Think of the months Mary has experienced. There was the message of the angel, the trip to Elizabeth, and the challenge being pregnant without Joseph, and explaining what had happened would be difficulty enough. Then there is the travel while pregnant and the miraculous events of the shepherds. No wonder Mary feels the need to reflect and pray. She has experienced so many things, that it is only by taking the time to treasure them in her heart that she can remain focused on the meaning that God has brought forth in her life.

When we reflect on the blessings in our life as did Mary in hers, our eyes become more attuned to the blessings that await us in our life. We can even see in the difficulties and challenges how they can become blessings. In fact, this constant reflection lets us know that indeed we are never alone.

We spoke about this when we discussed the Incarnation. Today we learned that it is not just the awareness of the Incarnation, but that this beauty of God’s presence can come to us in so many ways. Think of how Mary will experience God’s presence. An angel. Joseph. Shepherds. Wise men. Miraculous signs. Jesus. And most importantly, Mary recognizes the presence of God that never leaves her heart. It is when she can treasure the events of her life in the perspective of God’s constant presence that Mary finds the true peace that lasts.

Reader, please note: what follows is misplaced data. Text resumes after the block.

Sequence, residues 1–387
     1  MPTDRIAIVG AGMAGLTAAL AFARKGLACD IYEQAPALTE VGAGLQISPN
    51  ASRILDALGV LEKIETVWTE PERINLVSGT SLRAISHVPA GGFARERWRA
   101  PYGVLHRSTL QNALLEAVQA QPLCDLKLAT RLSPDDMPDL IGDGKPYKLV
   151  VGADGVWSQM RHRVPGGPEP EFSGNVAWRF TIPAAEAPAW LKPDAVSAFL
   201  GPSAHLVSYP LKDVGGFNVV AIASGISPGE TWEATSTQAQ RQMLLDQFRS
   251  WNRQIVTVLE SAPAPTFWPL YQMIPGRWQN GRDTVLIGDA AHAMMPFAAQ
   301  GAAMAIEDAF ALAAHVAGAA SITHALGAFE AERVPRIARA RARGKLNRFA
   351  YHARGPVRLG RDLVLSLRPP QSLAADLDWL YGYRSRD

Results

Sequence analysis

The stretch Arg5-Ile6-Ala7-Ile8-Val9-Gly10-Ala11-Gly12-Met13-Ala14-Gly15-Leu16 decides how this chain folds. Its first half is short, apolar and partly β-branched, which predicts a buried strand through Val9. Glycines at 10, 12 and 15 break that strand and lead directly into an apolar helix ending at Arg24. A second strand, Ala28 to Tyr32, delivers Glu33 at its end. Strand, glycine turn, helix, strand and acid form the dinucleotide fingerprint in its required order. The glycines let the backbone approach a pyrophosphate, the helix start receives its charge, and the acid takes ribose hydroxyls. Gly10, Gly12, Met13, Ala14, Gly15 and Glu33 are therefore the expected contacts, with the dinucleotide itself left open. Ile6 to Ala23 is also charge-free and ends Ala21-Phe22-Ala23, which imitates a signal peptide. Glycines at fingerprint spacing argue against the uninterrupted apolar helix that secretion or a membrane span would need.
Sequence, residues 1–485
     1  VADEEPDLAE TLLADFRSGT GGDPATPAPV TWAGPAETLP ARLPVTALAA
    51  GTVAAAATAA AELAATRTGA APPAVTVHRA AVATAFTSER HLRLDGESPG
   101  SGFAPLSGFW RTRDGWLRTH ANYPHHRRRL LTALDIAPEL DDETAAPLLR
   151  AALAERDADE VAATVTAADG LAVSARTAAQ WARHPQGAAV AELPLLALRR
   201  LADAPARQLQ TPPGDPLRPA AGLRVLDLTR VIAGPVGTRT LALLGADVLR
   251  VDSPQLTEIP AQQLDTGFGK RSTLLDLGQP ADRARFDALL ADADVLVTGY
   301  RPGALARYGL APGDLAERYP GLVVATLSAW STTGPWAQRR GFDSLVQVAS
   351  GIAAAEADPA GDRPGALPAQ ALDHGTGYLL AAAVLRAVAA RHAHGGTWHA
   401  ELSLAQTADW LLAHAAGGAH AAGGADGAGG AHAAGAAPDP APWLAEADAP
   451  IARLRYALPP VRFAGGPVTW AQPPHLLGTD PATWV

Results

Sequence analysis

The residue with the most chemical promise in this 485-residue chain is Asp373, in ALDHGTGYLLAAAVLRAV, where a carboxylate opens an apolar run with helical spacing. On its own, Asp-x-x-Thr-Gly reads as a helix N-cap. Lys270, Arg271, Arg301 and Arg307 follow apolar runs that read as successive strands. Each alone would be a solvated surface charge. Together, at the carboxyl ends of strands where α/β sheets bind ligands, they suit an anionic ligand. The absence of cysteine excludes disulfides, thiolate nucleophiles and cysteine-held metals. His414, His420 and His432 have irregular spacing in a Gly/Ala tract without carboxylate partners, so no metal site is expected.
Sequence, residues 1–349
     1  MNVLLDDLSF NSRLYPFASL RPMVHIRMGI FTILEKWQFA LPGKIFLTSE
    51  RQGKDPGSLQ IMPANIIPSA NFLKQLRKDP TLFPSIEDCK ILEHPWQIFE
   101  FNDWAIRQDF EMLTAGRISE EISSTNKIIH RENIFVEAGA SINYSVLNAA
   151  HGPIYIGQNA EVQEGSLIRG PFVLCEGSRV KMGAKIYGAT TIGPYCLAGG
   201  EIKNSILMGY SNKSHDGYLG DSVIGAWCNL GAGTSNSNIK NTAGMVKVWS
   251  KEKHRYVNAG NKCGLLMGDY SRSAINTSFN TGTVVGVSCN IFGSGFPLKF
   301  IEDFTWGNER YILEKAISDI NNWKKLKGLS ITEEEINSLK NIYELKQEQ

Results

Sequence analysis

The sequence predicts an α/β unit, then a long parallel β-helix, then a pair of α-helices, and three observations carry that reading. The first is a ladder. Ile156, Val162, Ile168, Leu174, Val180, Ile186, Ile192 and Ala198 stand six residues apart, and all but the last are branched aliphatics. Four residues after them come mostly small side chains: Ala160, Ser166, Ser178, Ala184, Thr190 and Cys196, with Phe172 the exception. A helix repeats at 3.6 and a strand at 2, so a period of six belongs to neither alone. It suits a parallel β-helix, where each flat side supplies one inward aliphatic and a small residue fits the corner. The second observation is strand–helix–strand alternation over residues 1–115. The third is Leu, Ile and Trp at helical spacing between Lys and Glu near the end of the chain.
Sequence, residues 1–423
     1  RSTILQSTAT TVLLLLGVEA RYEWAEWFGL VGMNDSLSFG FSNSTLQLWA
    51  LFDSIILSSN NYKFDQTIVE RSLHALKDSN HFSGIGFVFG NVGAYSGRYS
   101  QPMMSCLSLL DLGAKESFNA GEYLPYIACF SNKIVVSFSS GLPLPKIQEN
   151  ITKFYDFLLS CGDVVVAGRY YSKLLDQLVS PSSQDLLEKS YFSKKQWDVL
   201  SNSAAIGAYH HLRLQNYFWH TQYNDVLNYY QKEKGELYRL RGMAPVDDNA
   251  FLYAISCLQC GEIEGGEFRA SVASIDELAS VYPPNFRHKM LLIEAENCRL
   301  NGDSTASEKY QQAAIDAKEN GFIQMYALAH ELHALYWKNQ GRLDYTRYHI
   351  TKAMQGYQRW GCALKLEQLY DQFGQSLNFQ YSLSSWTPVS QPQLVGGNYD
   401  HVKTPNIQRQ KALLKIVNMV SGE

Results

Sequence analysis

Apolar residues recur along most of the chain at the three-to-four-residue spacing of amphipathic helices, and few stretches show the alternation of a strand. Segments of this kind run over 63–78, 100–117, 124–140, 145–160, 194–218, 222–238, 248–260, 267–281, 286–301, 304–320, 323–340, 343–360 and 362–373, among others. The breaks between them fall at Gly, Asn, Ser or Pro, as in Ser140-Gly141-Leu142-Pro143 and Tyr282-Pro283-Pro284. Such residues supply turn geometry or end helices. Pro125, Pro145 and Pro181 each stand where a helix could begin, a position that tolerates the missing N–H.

Our world certainly needs this peace, the peace that surpasses understanding and only God can bring. If we are to have this peace, we must change our hearts. We must see how the events of our life could be seen in the way God wants us to see the world. We need to be less selfish, and learn to share. We need to make sure the witness we provide by how we live our lives is indeed the way in which the gospel calls us to live.

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Homily for Saturday, September 20, 2014

Readings for Today